The Elites & Traditional Medicine

Sun, 7 May 2006 Source: Akosah-Sarpong, Kofi

Kofi Akosah-Sarpong, in Accra, argues that Ghanaian elites should open up, go the Chinese way, and unwaveringly balance traditional and orthodox medicine in Ghana?s health system

It is not a nasty delight on the streets of Ghana/Africa to hear ordinary citizens say that their elites are ?not sensible enough,? ?stupid? and ?lack wisdom? in midwifing their progress. Ghanaians say in terms of their elites and progress that there is ?home sense? and there is ?school sense,? an indication that the elites, as directors of progress, lack wisdom and balance in driving progress. Sierra Leoneans will tell you in the same context that, ?it is sense that make book and not book that make sense.?

Two months ago, one Africa?s leading thinkers, Kenya?s Prof. Ali Mazrui, informed by failure of African elites in pushing for a realistic development process, in a demonstration of Africa?s new thinking in terms of her progress, said that African elites are ?mediocre.? What Mazrui meant was that for not thinking within African values first and any other second in Africa?s development process as the Japanese and the Chinese have done, African elites have become not only mediocre but also confused in the continent?s progress goals. Mediocrity has also occurred because Africa is the only region in the world which development paradigms are dominated by foreign development values to the detriment of the continent?s tried and tested rich indigenous values.

The idiocy of Ghanaian/African elites inability to mix their rich cultural values with their colonial legacies in their development process, as the Malaysians, Brazilians, Japanese, South Koreans and Chinese have done, was revealed when Ghana?s thoughtful Minister of Health, Courage Quashigah, part of the emerging new generation of Ghanaian thinkers, stated the distress that try as his ministry has tried to ?incorporate psychic and traditional healers into the mainstream of health delivery? in Ghana?s orthodox health system, the country?s elites have deliberately sabotaged the ministry?s attempts. From South America to China to Japan, elites, driven more by wisdom, a key element in progress, have skillfully been able to integrate some of their indigenous cultural practices ?like the divine methods used in healing and the use of herbs to cure serious sicknesses? into majority of their health care system. There is urgent need for Ghanaian/African health officials to go the Chinese way and mix the traditional with the orthodox informed by the fact that in Africa, up to 80 percent of the population uses traditional medicine for primary health care.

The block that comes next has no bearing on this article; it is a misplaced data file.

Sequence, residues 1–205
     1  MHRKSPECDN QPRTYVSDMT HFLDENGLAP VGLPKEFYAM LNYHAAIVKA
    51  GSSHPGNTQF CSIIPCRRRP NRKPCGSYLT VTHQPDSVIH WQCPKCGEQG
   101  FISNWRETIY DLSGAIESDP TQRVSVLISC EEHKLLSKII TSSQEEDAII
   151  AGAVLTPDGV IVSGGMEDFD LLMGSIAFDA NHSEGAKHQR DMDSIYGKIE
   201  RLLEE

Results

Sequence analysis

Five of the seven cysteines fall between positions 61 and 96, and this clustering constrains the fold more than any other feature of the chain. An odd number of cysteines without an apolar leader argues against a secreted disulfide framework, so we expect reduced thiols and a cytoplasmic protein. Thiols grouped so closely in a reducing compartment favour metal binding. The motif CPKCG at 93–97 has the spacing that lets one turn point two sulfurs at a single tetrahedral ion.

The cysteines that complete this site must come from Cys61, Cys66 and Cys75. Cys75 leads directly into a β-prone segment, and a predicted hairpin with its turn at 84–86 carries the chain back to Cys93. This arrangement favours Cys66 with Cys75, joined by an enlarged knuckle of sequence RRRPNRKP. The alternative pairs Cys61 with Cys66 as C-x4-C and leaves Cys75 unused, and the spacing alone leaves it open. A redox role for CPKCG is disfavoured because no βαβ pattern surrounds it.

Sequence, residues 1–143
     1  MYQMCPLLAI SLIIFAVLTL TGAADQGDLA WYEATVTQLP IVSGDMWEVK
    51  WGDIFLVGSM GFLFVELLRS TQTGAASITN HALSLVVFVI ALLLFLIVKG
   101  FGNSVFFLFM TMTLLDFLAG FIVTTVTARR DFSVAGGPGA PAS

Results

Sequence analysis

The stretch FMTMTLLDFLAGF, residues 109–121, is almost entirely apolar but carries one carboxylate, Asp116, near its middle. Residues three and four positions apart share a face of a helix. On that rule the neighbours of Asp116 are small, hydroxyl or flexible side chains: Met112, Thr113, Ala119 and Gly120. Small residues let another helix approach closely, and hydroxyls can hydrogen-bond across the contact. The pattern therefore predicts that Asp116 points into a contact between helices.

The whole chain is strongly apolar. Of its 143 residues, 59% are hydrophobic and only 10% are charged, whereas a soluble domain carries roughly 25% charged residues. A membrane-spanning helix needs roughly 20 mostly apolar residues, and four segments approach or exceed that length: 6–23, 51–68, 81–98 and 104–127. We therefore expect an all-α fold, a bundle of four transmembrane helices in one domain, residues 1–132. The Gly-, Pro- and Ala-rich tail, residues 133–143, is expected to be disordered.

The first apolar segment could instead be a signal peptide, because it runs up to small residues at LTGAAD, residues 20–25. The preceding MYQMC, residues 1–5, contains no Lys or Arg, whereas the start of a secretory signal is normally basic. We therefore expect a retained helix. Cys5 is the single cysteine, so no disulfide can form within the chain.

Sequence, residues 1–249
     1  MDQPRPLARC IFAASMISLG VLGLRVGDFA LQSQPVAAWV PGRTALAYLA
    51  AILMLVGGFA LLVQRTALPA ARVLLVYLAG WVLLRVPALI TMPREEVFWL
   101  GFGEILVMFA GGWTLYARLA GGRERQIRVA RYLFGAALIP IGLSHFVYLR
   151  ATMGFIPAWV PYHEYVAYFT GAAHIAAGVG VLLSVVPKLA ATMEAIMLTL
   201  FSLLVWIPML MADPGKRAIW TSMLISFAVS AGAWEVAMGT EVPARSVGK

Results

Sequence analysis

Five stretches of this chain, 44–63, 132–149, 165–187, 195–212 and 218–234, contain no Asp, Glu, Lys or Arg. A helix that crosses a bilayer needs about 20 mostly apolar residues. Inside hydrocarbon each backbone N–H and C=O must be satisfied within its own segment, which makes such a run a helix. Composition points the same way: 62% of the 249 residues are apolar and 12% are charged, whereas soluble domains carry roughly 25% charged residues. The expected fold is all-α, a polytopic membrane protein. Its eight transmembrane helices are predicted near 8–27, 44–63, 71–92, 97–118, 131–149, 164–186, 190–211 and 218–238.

The inability of Quashigah and his ministry to mix Ghanaian traditional medicine with the orthodox ones is that Ghanaian elites still think Ghanaian values, which has sustained Ghanaians and their ancestors since time immemorial, is inferior because their education system, which was imposed on them, tells them it is so. Almost 50 years after independence from British colonial rule, Ghana?s education system, like the rest of Africa, is still heavily Eurocentric against the need for heavy Ghanaian/African values centredness in the country?s education system. It is in this state of mediocrity, as Mazrui would say, in terms of Ghanaian elites? inability to see the immense wisdom in integrating their indigenous medicine with the Western imposed ones that the Ghanaian health scene, like the rest of Africa, is in a confusing state, worsened by terrible sanitation practices that has made the Ghanaian life shorter.

From health policy-makers to Western trained health officials, Ghanaian indigenous medicine and ordinary Ghanaians, who have the street-sense to juggle the two systems in their health delivery practices in their everyday life, health policy development do not take into consideration the history, the interest, the cultural values, and the experiences of Ghanaians. Let Dr. Agyeman Badu Akosah, head of the Ghana Health Services, and his medical associates, with their exaggerated image and high-sounding rhetoric, tell Ghanaians whether in developing their health policies they consult ?socio-economic conditions of the typical village practitioner, their belief systems and how that affects practise orientation; and perceptions as to whether traditional medicine could be taught and practised as part of the formal health care sector.?

This is not only unhelpful in Ghana?s progress but smack of elites who lack wisdom and are not insightful enough, are unrealistic and cannot think well in the grand development game of their country. No doubt, Quashigah said the elites see their own indigenous medicine, which has been hailed globally as ?good,? as ?evil.? In this regard, the entire Ghanaian health system environment does not reflect the true Ghana medicine: it demeans Ghanaians rich indigenous medicine by failing to bring the traditional on board the orthodox in the grand health fixture as the Chinese, the Latinos and Japanese have done. The Chinese, who rank first in the world in the export of traditional medicine, have been able to develop their traditional medicine at the rate of around 17 to 18 percent, with a total output of around US$10 billion in 2005. The Chinese exported US$700 million traditional medicine last year.

The challenge for Dr. Agyeman Badu Akosah and his cohorts is how to bring Quashigah and associates on board their health match, demonstrate high creativity informed by their global exposure, go the Chinese way, and hammer traditional medicine into mainstream Ghanaian healthcare. Ghanaians have the right to this new healthcare thinking.

Views expressed by the author(s) do not necessarily reflect those of GhanaHomePage.
Columnist: Akosah-Sarpong, Kofi